In Fish Eyes, the first of a trilogy written, choreographed and performed by Toronto’s Anita Majumdar, we follow seventeen-year-old Minna, from Port Moody, B.C. (also Majumdar’s home town), and “Aunty,” her classical Indian dance teacher. In this one-woman performance woven though theatre and dance, Majumdar flips between these two characters seamlessly. Interchanging, quick cuts between women are signalled with movements that are surprisingly easy to follow. The show produced by Nightswimming Theatre, centres around Minna’s angsty despair that, while everyone else in high school is living the teenage dream of hanging out, drinking and making out, she’s preparing for an Indian Dance Festival with Aunty. There is lots of humour and beauty in the strained relationship between teacher and student and tension between youth and the experience of age. Amongst the at-times trivial perspective of teenage Minna, the show confronts colonialism, feminism and cultural appropriation and the empowering role dance can play with a light touch.
Highlight moments included a classical Indian dance performed to Destiny’s Child’s I’m a Survivor and Majumdar’s skilled delivery of complex and quick text complete with accents while sustaining intricate rhythmical footwork. It’s the multitasking and swift changes between striking stillness and spirited dance that are the real gems of the piece.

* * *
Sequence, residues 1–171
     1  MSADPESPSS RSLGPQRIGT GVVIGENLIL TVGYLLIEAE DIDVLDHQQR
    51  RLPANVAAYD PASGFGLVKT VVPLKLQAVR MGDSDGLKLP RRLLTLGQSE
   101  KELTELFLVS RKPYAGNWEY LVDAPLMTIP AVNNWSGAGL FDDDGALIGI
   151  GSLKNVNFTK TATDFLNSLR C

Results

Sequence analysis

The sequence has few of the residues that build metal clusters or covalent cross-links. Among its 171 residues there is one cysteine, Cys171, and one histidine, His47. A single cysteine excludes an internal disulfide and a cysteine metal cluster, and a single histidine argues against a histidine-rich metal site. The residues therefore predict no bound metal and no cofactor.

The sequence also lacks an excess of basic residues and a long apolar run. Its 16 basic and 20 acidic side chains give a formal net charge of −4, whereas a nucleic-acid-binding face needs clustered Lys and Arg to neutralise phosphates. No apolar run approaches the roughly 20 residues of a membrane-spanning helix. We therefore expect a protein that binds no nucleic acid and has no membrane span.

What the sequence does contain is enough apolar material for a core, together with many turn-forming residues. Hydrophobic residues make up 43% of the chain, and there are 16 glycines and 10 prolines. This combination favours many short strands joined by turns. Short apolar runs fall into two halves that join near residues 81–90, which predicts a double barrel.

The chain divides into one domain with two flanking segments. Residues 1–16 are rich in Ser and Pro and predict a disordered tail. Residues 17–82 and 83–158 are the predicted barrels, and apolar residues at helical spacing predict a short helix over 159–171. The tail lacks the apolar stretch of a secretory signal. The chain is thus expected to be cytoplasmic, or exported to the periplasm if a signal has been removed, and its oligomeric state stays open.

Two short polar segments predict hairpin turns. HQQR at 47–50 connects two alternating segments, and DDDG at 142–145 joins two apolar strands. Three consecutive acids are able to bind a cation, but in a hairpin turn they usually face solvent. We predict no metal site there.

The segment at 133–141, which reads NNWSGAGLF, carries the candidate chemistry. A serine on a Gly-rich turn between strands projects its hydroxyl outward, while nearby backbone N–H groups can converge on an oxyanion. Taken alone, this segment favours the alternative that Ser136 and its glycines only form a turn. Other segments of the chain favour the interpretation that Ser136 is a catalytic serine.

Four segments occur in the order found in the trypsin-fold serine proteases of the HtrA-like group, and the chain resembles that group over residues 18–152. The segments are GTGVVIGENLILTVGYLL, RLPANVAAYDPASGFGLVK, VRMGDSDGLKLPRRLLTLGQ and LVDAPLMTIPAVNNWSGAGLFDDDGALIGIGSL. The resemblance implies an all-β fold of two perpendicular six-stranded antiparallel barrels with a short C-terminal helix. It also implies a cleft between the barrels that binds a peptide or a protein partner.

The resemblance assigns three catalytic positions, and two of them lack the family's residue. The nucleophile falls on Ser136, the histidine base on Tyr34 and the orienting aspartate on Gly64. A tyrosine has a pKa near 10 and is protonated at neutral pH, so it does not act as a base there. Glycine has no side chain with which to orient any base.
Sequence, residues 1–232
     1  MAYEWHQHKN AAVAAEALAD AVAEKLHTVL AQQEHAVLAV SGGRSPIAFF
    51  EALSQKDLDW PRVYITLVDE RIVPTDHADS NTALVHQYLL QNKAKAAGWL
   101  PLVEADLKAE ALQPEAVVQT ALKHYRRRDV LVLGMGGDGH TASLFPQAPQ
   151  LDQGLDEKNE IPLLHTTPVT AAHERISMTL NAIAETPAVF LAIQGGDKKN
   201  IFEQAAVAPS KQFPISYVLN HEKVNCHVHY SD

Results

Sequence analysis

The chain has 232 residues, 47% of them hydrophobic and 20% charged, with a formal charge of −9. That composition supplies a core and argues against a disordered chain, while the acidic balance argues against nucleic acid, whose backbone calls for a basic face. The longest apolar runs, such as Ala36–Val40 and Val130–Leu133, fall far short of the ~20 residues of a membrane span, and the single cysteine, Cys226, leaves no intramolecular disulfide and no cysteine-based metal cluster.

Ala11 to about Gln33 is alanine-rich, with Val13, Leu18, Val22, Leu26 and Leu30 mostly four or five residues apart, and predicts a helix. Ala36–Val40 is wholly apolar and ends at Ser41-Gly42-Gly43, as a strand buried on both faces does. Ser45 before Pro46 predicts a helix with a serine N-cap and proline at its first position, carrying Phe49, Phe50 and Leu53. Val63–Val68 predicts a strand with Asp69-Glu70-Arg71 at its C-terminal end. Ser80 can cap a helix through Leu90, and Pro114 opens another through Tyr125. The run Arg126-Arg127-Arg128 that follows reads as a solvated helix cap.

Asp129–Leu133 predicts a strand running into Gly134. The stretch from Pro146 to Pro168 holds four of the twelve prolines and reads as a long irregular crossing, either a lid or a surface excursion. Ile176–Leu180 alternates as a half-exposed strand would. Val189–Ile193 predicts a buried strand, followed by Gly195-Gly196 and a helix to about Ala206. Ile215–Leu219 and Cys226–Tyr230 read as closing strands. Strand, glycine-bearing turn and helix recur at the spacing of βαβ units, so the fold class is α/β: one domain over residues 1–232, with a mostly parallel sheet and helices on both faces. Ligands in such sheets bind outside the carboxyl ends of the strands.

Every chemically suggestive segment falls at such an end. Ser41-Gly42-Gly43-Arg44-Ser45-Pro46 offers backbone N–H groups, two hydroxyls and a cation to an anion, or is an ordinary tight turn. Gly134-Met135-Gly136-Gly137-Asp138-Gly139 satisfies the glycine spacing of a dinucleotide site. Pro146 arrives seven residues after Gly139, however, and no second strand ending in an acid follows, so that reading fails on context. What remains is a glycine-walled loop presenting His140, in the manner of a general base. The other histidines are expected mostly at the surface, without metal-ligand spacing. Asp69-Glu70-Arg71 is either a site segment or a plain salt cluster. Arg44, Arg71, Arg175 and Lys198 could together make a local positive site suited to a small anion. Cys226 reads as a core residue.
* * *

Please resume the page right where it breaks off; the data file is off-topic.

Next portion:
Majumdar brings Fish Eyes to a most satisfying ending that melds movement and storytelling together in its most harmonious way with beautiful imagery. It’s in this moment that we reflect back on the intricate construction of the story and all that she has woven together to bring us this completion.
Later on in the festival Majumdar performed the entire trilogy in one epic performance that also included Boys with Cars and Let Me Borrow That Top.
In Faustin Linyekula’s solo Le Cargo, he poses the question, “what is the point of all this dancing?” The multitalented Congolese artist goes right to the heart of the matter in this upfront and personal blend of storytelling, music, singing and dance. Linyekula’s direct address of the audience expresses his doubts about whether ten years of touring the world as a performer has made any difference at all to the people of his home country, the Democratic Republic of the Congo. As he talks about his homeland and the survival of culture, tradition, identity and artistry despite decades of war, one wants to answer his question in the affirmative, but instead the depth and weight of the question hangs in the air throughout the performance.